Irish education: A 20-year review

The Department of Education’s Overview of Education 2002-2022 publication demonstrates the significant shifts which have taken place in Irish education settings over the last two decades.

Over the 20-year period from 2002 to 2022 there was an increase of 114,423 (25.8 per cent) in enrolments in primary schools (both mainstream and special), although the Department has stated that enrolments are projected to fall over the coming 11 years.

Looking at total enrolments in primary schools, the report states that in 2022 there were 558,143 primary school pupils, an increase of 3,355 on 2021 when the total was 554,788.

Primary school enrolments

When the change in enrolments by administrative county over the past 10 years is examined, the data shows the largest proportional increases occurred in Roscommon at 13.1 per cent, followed by Dublin at 9.9 per cent, and Monaghan at 9.5 per cent.

The smallest increase occurred in Mayo (1.1 per cent) and Tipperary (0.6 per cent), while Offaly, Clare, and Donegal were the areas that saw the largest decreases by 1.1 per cent, 0.9 per cent, and 0.2 per cent respectively.

Primary schools by religion

The total number of mainstream primary schools has declined by 57 since 2012, from 3,152 in 2012 to 3,095 in 2022. However, the pattern is not uniform, with 118 Catholic schools and 11 Church of Ireland schools closing between 2012 and 2022, while the number of multi-denominational schools has increased by 69 in the same period.
These clear trends in school ethos are a result of the closure of schools with declining enrolments and the amalgamation of schools in close proximity to each other, as well as the opening of new multidenominational schools in response to parental choice. All 25 newly established mainstream primary schools opened in the last five years have been multi-denominational in ethos, spread over various patrons. Despite these changes, Catholic schools still comprise the vast majority of primary schools, with 88.5 per cent of schools having a Catholic ethos in 2022.

Post-primary education

While enrolments in primary schools peaked in 2018, enrolments in post-primary schools continue to rise and, according to the published post-primary projections, are expected to reach their peak in 2024.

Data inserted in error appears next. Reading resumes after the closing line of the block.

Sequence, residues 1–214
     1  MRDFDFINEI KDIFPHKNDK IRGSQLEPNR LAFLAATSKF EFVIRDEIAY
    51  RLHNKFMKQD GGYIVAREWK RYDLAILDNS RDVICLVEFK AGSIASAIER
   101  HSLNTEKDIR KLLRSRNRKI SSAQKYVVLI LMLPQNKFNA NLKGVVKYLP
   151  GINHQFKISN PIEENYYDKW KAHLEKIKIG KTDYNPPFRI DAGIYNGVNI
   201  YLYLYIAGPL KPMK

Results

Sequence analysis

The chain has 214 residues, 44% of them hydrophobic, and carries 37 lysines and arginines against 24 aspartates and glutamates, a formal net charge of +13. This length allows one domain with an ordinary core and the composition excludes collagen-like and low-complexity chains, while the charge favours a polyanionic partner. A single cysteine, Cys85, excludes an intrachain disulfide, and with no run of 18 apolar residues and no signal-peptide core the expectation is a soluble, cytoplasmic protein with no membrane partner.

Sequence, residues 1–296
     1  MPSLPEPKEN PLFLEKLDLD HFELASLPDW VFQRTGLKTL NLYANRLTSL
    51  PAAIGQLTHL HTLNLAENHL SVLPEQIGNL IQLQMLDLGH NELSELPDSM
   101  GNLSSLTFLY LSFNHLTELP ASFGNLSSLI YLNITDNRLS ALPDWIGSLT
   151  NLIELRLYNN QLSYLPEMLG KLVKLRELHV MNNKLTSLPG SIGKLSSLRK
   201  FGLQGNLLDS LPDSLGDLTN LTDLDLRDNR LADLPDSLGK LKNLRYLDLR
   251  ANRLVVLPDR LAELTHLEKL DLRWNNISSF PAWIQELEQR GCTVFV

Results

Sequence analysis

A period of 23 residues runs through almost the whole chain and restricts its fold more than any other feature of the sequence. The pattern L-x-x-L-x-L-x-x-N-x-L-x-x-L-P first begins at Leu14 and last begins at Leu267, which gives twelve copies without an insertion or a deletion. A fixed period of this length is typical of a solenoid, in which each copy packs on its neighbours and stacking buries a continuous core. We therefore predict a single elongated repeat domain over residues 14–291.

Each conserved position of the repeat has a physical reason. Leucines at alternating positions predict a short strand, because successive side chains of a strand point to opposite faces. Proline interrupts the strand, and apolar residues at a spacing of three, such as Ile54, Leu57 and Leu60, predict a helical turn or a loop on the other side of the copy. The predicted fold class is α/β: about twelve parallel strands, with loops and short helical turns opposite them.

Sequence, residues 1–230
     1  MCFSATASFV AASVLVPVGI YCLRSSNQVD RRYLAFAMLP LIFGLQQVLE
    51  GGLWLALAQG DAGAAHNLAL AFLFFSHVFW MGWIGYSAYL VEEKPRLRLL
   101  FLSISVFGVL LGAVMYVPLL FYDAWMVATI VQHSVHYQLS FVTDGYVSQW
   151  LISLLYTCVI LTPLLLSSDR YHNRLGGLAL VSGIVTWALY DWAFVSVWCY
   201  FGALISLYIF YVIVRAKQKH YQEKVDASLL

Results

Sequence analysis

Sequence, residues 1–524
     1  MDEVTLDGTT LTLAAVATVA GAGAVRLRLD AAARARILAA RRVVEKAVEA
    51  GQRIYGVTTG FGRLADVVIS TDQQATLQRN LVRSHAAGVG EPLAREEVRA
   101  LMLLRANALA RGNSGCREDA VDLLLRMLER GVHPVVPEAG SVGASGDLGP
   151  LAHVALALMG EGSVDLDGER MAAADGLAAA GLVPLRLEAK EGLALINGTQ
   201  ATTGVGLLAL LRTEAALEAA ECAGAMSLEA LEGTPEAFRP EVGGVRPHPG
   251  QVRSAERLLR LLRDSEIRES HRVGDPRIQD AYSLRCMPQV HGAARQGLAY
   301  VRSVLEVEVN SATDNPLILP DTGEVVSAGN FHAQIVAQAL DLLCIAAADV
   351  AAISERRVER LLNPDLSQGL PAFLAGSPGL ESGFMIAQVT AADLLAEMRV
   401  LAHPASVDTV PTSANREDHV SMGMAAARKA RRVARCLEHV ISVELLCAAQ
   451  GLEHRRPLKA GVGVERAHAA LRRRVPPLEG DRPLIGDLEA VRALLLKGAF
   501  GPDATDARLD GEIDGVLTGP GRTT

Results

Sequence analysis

In post-primary schools, total enrolments stood at 406,392 in 2022, an increase of 14,694 on 2021. Enrolments have risen by 48,984 over the past five years. The largest increases can be seen in Roscommon (42.4 per cent), Meath (34.3 per cent), Laois (31.4 per cent), and Kildare (31.2 per cent), all of which increased by over 30 per cent, while Monaghan (2.7 per cent), and Sligo (0.5 per cent) saw smaller increases.

There is a growing importance of large schools in the post-primary system. While small schools (less than 300 pupils) made up 29.8 per cent of all schools in 2012, this has dropped to 19.8 per cent in 2022, while the number of large schools (800+ pupils) has more than doubled (from 65 to 148). The number of pupils attending small schools fell by 12,614 over this period, while the number of pupils attending large schools has increased from 62,038 to 143,088.

More boys than girls consistently attend mixed-sex schools, with 72 per cent of boys in a mixed school in 2022 compared with just 64.6 per cent of girls. This is reflected in the number of schools by gender category; in 2022, there were 124 all-girls post-primary schools, compared with 96 all-boys schools.

Looking at the changing participation rates in Leaving Cert (LC), Leaving Cert Vocational Programmes (LCV) and Leaving Cert Applied (LCA) since 2002, the percentage of pupils following the LCA programme stood at 6.4 per cent in 2022, up slightly on 2021 (5.8 per cent); participation in the LCV programme stood at 27 per cent, which shows a change in previous downward pattern for this programme (23 per cent in 2021), while LC stood at 66.6 per cent, a decrease on 2021 (71.2 per cent).

In terms of pupils who participate in transition years by gender and Delivering Equality of Opportunity in Schools (DEIS) status, more females than males consistently do Transition Year (TY), and uptake is lower in DEIS schools than in non-DEIS schools. However, there has been a small fall in TY participation in both school categories between 2019 and 2020, and an increase in the following years, 2021 and, especially, 2022.

There is a consistent pattern of more boys than girls attending fee-charging schools. Overall, 7.6 per cent of boys were enrolled in a fee-charging school in 2022, compared with 5.8 per cent of girls. Enrolments in fee-charging schools, as percentage of total enrolments, are down on 2020 and represent a continuing pattern of falling attendance at fee-charging schools.

The report overall shows a shift away from denominational ethos in education, albeit marginal, towards increased secularisation of education in the State, which correlates which societal shifts outlined in Census 2022 which show more people moving away from religion.

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